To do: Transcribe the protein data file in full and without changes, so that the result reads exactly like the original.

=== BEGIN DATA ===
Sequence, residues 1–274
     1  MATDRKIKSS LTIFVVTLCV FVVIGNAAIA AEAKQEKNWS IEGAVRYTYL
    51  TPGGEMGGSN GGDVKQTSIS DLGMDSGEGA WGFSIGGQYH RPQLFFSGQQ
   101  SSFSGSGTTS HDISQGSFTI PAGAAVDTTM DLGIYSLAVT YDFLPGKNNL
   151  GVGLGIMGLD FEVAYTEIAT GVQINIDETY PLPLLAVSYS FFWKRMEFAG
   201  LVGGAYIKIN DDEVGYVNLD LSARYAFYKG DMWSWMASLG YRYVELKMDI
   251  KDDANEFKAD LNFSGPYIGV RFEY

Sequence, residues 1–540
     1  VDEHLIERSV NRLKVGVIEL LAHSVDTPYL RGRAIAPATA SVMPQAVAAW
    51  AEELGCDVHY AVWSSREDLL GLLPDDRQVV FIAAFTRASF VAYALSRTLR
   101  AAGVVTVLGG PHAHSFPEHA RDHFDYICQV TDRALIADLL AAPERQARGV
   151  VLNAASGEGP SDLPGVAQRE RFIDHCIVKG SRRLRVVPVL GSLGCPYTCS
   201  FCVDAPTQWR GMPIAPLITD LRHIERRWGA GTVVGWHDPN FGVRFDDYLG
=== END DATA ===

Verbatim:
Sequence, residues 1–274
     1  MATDRKIKSS LTIFVVTLCV FVVIGNAAIA AEAKQEKNWS IEGAVRYTYL
    51  TPGGEMGGSN GGDVKQTSIS DLGMDSGEGA WGFSIGGQYH RPQLFFSGQQ
   101  SSFSGSGTTS HDISQGSFTI PAGAAVDTTM DLGIYSLAVT YDFLPGKNNL
   151  GVGLGIMGLD FEVAYTEIAT GVQINIDETY PLPLLAVSYS FFWKRMEFAG
   201  LVGGAYIKIN DDEVGYVNLD LSARYAFYKG DMWSWMASLG YRYVELKMDI
   251  KDDANEFKAD LNFSGPYIGV RFEY

Sequence, residues 1–540
     1  VDEHLIERSV NRLKVGVIEL LAHSVDTPYL RGRAIAPATA SVMPQAVAAW
    51  AEELGCDVHY AVWSSREDLL GLLPDDRQVV FIAAFTRASF VAYALSRTLR
   101  AAGVVTVLGG PHAHSFPEHA RDHFDYICQV TDRALIADLL AAPERQARGV
   151  VLNAASGEGP SDLPGVAQRE RFIDHCIVKG SRRLRVVPVL GSLGCPYTCS
   201  FCVDAPTQWR GMPIAPLITD LRHIERRWGA GTVVGWHDPN FGVRFDDYLG